Training on Federalism and Women's Rights Given to 40 Future Leaders
Date: Sunday, November 26, 2017
Nay Pyi Taw, Myanmar — Forty potential future leaders from across Myanmar have received training on the proposed federal system of government and how it can open opportunities to boost the status and participation of women in the country's affairs.
The Myanmar Federalism Leadership Programme, held here during 16-26 November, was jointly organized by Hanns Seidel Foundation (Germany), UN Women, Centre for Development and Ethnic Studies (Myanmar), and Canterbury Christ Church University in Kent, England.
For decades, armed ethnic groups have fought for greater autonomy from Myanmar's central government. The ongoing peace negotiations envision a federal system under which some degree of self-governance would devolve to the ethnic areas.
The participants in the training came from the Government and from non-governmental organizations including civil society and ethnic-based groups from almost all states and regions in Myanmar. The main trainers were Soren Keil, Associate Professor in Politics and International Relations at Canterbury Christ Church University, and Christine Forster, Associate Professor in the Law Faculty at the University of New South Wales in Sydney, Australia.
The participants discussed federalism as a political theory and as a tool in the peace process. They also discussed how different models of federal states can open the way for women to gain public offices and roles in conflict resolution and development programmes.
Professor Forster said that achieving gender equality is critical to Myanmar's future, and a new federal model creates many opportunities for positive change. These included, she said, strengthening the equality and non-discrimination provisions in the Bill of Rights in the Constitution; ensuring that resources allocated to education, health care and public services support gender equality; and increasing women's political representation, perhaps through quotas and the establishment of a Women's Ministry in the Union and state/regional governments.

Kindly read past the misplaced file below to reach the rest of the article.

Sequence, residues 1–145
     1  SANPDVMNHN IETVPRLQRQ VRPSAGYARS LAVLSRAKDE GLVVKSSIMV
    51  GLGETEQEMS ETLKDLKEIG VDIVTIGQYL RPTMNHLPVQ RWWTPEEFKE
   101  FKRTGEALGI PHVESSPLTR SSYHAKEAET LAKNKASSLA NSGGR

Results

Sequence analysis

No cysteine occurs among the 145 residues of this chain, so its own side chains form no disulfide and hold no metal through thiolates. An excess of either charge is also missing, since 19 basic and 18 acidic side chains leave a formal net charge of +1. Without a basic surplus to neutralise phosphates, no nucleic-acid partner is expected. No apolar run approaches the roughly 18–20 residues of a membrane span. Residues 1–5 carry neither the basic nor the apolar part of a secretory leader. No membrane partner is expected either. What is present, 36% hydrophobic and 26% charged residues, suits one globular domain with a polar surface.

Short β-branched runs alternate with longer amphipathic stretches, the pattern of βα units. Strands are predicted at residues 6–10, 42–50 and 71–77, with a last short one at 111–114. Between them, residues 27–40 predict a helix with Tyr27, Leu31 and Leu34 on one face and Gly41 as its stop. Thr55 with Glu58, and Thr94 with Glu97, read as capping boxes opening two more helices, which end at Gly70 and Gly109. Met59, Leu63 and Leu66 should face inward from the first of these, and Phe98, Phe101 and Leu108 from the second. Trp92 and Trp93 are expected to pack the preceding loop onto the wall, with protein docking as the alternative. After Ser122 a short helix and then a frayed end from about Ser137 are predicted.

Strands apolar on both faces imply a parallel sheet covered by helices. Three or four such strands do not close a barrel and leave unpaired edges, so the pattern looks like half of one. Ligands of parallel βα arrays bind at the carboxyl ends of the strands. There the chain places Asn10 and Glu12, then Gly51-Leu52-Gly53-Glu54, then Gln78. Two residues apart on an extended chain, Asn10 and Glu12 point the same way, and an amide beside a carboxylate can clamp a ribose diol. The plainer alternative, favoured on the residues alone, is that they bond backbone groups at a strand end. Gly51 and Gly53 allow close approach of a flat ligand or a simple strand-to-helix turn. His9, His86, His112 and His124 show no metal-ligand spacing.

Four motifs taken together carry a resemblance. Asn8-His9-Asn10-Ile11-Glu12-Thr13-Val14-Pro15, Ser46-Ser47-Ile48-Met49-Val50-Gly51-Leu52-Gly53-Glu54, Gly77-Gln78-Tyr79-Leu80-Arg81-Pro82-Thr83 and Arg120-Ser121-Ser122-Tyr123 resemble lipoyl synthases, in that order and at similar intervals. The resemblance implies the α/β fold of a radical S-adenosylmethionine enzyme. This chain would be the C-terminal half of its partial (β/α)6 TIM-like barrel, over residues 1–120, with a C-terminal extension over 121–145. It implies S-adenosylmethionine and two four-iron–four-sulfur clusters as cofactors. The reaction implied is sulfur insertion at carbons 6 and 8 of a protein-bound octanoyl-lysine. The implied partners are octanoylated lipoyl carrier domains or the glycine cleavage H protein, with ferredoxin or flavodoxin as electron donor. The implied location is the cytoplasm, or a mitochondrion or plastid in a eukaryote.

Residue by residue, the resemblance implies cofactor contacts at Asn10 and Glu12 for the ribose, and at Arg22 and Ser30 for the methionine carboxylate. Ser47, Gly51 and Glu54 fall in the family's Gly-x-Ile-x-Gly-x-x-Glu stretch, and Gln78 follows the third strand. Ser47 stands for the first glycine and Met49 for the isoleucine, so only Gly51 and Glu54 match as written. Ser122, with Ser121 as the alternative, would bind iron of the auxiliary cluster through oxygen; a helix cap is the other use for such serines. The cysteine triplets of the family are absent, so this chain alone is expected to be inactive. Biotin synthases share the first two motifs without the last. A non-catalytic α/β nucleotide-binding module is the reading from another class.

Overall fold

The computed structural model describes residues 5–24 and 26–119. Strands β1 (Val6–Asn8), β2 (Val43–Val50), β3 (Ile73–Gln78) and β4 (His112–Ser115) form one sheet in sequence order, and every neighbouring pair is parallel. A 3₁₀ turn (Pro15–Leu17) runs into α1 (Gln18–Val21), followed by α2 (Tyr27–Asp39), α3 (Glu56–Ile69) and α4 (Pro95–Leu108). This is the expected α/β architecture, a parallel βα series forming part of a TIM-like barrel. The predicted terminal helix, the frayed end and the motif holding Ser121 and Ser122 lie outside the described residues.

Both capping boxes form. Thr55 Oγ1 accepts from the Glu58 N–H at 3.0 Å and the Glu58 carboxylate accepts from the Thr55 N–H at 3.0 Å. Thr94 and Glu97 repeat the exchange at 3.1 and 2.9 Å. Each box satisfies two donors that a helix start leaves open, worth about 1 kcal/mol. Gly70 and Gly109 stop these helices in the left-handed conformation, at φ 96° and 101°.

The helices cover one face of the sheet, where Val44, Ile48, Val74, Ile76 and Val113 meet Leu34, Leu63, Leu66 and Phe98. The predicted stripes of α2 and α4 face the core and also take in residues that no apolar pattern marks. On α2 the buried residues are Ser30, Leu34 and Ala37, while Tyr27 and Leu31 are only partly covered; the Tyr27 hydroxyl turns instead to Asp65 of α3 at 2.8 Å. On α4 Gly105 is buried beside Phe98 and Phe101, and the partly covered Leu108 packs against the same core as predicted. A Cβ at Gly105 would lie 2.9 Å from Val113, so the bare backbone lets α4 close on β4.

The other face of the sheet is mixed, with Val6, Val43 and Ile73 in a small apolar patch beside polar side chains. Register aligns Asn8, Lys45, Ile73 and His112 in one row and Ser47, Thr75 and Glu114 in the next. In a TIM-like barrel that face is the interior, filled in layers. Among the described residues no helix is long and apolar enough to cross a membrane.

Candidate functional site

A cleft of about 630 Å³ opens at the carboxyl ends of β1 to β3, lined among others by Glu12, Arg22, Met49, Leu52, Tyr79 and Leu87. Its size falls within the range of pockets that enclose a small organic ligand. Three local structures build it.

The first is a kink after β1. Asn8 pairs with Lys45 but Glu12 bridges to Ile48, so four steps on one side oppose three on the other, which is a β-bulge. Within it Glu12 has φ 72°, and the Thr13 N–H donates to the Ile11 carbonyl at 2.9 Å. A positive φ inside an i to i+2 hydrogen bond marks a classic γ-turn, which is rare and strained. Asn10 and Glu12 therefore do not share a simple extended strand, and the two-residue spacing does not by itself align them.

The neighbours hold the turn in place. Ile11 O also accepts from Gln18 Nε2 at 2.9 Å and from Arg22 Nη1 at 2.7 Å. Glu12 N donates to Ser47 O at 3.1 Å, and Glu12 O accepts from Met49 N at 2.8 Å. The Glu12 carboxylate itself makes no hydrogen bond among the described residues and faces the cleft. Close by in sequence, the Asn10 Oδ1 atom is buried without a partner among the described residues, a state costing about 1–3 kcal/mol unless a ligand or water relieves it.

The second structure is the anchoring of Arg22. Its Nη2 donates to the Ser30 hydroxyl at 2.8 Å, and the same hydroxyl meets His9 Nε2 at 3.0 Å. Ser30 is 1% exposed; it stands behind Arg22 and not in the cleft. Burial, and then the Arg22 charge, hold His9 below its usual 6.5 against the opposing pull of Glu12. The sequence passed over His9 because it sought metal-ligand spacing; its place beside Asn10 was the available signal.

Wine Sandy Myint, a freelance consultant on gender issues and one of the participants in the training, said: "As a woman who is working for gender equality and women rights, I find that federalism is an entry point to integrate gender into nation-building. Currently, the peace stakeholders are focusing on power-sharing and ethnic rights, but the rights of women must also be considered for a democratic federal Union. Women's groups should start thinking how to strategically integrate these issues in the current decision-making and negotiation processes."
Jean D'Cunha, Head of UN Women Myanmar, said that because of gender stereotypes and discrimination, Myanmar's women are affected by conflict, development and governance very differently from men.
"Women thus need to be a critical part of federal governance," she said. "Women are best able to represent their own interests, and as research shows, are more likely to bring the interests of other groups to the policy table, thus ensuring sustainable peace and development. Moreover, federal governance is a key issue for discussion in peace deliberations and it is important that women's priorities in federalism find robust reflection in these debates from their inception. The training therefore sought to create a cohort of …women and men who better understand the social, economic, political and cultural priorities of women… and strategies for negotiating women's priorities in federal governance."
Achim Munz, Resident Representative of the Hanns Seidel Foundation in Myanmar, said the workshop was longer than usual in order to allow for advanced discussions on decentralization, federalism and gender issues. "Both participants and experts were incredibly engaged and motivated during the entire 10 days," he said.
The organizers hope to hold the Myanmar Federalism Leadership Programme annually.
Dr. Jean D'Cunha
Head of Office, UN Women Myanmar
Tel: +95 1 2305960, ext: 1582